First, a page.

Twin Cities Nonviolent, one of the sites with our Nonviolent Cities Project, held two environmentally-themed musical actions as part of their 12 Days Free From Violence. On Sept. 30, the symphony group Classical Uprising performed “The (Uncertain) Four Seasons,” Vivaldi’s classic with a climate twist. On Sept. 25, another group performed “A Prophetic Opera For Our Times” with readings on humanity and our connection to the Earth. Twin Cities Nonviolent also participated in the “Hands Across the Mississippi March” that had an emphasis on clean water, air and land.
This is just a glimpse of the more the 5,000 actions and events that took place. Campaign Nonviolence also mobilized people to engage in mutual aid solidarity, racial healing, divestment from weapons and fossil fuels and much more.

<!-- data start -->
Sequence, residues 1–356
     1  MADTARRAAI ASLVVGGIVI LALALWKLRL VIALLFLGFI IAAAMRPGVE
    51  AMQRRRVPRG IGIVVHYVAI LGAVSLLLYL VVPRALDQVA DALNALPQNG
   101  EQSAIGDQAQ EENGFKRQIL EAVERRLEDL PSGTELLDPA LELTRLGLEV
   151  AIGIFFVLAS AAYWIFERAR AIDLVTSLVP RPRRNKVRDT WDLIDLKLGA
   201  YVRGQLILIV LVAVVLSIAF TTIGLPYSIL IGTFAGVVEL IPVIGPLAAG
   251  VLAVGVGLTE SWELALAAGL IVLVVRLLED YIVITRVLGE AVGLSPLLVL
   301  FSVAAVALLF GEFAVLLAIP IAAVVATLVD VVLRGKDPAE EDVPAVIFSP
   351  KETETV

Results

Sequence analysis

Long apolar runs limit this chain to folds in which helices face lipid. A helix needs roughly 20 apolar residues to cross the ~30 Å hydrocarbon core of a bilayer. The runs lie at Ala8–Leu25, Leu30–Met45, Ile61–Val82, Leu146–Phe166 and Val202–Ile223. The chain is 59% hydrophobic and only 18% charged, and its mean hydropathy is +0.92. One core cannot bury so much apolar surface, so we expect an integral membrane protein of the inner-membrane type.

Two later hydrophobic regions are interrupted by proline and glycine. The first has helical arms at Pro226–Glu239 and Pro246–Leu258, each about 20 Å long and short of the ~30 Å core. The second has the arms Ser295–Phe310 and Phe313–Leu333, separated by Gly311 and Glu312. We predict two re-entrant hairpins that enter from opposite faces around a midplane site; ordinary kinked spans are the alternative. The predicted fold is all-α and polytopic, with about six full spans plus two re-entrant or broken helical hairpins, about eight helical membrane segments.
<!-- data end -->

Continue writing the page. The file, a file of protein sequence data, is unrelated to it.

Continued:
One of the long-term visions of Campaign Nonviolence is to make what we experience between Sept. 21-Oct. 2 an everyday occurrence in our lives. Imagine it: walking through our day, we encounter opportunities to remember the principles of nonviolence. Everybody we know attends workshops in interpersonal conflict skills (maybe after yoga class). Restorative justice in schools and beyond is the norm, not the exception. Every student, bus driver, teacher and librarian learns how to de-escalate violence. Friends and family understand nonviolent action and join protests, boycotts and strikes on a regular basis.